It’s Not About Mika & Joe

The Power a Free Press 

Elijah Parish Lovejoy was a Presbyterian minister in St. Louis, Missouri, who worked as an editor at the St, Louis Observer where he wrote editorials opposing slavery.

After anti-abolitionists destroyed his press for the third time, Lovejoy moved across the river to Alton, Illinois, and started another abolitionist paper.  In 1837, a pro-slavery mob attacked the warehouse where he had set up his fourth printing press. Lovejoy was shot and died on the spot.

I tell Lovejoy’s story as a reminder of the importance of freedom of the press established by the First Amendment and as a witness to the forces that are always at work to undermine or destroy it.

It’s Not About Mika & Joe 

I also tell that story to say that there is more at stake in the President’s Twitter tirade against “Morning Joe” and his continuing attacks on the “media” than morning headlines or cheering crowds.

Anyone who was surprised by Mika Brzezinski and Joe Scarborough’s comments about the President simply hasn’t been paying attention.  They are who they are — cable news commentators who join a long line of journalists, cartoonists, and editors who have debated, criticized, mocked, or pointed to the duplicity of our leaders throughout our history.  A free press is not about whether we agree or disagree, but about the freedom to speak, write, debate, and argue with and about our leaders.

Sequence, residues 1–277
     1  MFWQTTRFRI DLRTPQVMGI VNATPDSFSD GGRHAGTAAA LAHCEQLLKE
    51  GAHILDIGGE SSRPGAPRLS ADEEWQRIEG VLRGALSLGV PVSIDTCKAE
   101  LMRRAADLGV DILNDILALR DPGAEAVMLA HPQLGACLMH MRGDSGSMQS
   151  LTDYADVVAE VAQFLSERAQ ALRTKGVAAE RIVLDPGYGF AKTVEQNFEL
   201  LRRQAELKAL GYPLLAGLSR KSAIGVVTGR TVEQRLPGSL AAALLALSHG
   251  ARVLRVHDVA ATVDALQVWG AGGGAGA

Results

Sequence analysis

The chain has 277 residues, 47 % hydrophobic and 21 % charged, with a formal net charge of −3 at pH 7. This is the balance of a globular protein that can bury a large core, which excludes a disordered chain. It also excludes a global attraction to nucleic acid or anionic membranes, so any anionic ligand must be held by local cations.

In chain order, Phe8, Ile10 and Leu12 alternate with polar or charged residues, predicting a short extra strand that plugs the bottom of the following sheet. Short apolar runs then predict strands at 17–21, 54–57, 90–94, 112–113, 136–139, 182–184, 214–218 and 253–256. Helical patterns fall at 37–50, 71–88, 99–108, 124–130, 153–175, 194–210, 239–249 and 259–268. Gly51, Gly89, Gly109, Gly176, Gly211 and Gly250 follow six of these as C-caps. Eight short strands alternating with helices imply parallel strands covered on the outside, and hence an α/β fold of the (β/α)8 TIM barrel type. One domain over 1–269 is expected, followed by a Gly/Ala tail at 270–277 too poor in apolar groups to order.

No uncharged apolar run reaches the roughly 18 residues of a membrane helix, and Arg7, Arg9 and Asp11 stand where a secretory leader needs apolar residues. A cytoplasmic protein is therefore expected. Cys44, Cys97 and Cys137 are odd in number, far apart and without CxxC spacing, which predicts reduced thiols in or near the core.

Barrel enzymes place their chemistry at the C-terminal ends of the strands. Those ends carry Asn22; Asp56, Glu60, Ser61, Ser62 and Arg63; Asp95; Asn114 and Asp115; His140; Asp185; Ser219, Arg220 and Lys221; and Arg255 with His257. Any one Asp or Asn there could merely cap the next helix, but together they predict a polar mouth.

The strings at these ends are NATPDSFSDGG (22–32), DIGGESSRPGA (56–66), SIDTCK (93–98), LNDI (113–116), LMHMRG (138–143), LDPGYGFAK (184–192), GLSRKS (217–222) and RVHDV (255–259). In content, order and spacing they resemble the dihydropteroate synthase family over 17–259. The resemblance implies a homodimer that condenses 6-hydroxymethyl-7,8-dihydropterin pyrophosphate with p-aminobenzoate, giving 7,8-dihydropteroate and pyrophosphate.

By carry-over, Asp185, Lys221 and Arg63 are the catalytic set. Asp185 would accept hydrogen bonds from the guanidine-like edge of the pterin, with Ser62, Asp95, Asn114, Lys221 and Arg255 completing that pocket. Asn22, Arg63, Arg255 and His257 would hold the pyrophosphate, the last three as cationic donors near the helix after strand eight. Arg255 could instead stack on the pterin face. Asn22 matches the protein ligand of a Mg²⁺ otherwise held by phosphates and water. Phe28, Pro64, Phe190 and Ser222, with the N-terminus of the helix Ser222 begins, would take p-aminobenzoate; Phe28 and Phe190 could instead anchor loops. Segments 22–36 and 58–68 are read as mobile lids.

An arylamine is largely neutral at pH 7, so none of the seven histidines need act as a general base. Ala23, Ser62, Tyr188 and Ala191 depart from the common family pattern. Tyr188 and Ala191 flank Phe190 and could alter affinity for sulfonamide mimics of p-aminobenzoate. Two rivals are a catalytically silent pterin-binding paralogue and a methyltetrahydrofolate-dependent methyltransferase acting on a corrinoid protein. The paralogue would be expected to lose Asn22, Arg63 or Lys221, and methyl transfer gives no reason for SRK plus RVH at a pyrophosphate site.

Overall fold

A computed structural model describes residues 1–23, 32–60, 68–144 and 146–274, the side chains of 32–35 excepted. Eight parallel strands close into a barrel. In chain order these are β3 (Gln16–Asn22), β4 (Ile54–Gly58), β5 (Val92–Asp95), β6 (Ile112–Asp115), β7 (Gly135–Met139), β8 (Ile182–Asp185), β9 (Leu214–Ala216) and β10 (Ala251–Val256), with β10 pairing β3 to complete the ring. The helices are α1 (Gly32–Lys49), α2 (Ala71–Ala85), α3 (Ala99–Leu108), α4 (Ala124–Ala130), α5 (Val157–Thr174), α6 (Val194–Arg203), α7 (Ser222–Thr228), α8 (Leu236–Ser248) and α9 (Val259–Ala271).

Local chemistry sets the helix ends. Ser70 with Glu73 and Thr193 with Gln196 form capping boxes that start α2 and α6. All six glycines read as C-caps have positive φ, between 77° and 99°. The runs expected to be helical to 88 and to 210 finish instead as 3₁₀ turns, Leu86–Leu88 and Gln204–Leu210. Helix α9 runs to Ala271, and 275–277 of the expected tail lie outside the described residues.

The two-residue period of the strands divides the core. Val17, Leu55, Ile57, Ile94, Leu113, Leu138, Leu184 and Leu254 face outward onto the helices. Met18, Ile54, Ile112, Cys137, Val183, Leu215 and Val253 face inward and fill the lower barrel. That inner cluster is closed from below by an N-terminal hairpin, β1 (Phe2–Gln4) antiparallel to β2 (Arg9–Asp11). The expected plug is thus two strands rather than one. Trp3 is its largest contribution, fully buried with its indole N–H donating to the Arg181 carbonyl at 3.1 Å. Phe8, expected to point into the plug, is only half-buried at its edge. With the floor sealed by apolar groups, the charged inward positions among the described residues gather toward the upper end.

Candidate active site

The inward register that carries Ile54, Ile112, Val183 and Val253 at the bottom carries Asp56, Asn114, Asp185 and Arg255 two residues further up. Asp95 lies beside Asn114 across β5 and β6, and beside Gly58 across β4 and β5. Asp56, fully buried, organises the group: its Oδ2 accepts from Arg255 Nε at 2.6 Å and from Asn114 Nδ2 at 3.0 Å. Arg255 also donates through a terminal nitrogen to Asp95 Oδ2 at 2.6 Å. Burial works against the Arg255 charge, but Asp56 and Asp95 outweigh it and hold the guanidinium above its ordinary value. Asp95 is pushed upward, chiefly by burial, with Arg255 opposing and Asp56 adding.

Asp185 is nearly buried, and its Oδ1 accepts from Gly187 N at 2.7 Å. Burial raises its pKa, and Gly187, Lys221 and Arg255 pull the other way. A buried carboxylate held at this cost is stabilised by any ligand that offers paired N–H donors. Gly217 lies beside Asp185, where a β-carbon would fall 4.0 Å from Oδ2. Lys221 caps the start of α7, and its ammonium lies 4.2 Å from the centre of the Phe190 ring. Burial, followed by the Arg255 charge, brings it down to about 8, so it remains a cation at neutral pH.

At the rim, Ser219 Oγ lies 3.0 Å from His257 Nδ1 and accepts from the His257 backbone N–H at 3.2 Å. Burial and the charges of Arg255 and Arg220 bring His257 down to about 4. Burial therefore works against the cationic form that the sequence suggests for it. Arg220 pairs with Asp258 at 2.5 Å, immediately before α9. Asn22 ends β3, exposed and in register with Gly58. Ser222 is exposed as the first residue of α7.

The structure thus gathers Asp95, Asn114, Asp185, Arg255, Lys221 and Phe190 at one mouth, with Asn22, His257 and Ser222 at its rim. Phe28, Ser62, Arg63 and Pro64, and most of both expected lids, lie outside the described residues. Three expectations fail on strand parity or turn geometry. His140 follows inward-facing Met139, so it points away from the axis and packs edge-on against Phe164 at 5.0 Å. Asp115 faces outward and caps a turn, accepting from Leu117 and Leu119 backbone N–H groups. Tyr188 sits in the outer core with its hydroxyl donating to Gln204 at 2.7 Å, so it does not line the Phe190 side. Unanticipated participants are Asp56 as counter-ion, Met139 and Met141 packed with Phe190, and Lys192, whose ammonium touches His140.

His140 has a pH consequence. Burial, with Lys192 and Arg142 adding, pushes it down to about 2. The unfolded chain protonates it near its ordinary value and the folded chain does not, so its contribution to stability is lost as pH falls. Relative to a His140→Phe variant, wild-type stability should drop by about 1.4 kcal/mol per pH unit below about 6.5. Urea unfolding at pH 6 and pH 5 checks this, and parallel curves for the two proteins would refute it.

Anyone who was surprised by Donald Trump’s visceral, vulgar, sexist attack on Mika hasn’t been paying attention either.  This is who he is.  Sarah Huckabee Sanders, the current myth-spinner in the White House Press Room, told the truth when she said that the American people “knew what they were getting when they voted for Donald Trump.”  (She lied when she said the President had never in “any form or fashion” encouraged violence.  Just watch the campaign rally tapes.)  The President is what he has consistently demonstrated himself to be: thin-skinned, impulsive, mean-spirited, and perhaps sleep-deprived.  (I’ve had crazy thoughts at 3:00 AM, too, but I try go back to sleep!)

But Donald Trump is the President of the United States and that makes all the difference.  There is a “double standard.”  We need our President to rise above either the praise or the critique of TV commentators.  In fact, these continual attacks on the press are undermining the freedoms we celebrate on the 4th of July.

“A Nation Conceived in Liberty…” 

As I’ve reflected on the meaning of this day, I’ve realized that it is my respect for the values and vision enshrined in the Declaration of Independence, the Constitution, the Bill 19511086_10212095438212834_2575473102798889724_nof Rights, and the Gettysburg Address that inspires my patriotism and causes my concern.

I respect the Presidency too highly to respect a President who drags the office into the fake world of professional wrestling.

I respect the flag “and the republic for which it stands” too highly to be passive when our President diminishes respect for our nation around the world.

I respect the Christian faith too highly to allow it be to coopted by a leader whose behavior is a consistent contradiction of everything the New Testament says about what it looks like to be a follower of Christ.

I respect freedom of religion (all religions) too highly to allow the church to be wedded to any political party.  (When the church and political power go to bed together, the church becomes an abused spouse.)

I respect those who have given their lives in the service of their country too highly to allow their sacrifice to be tarnished by crass nationalism that masquerades as patriotism.

It’s About Us!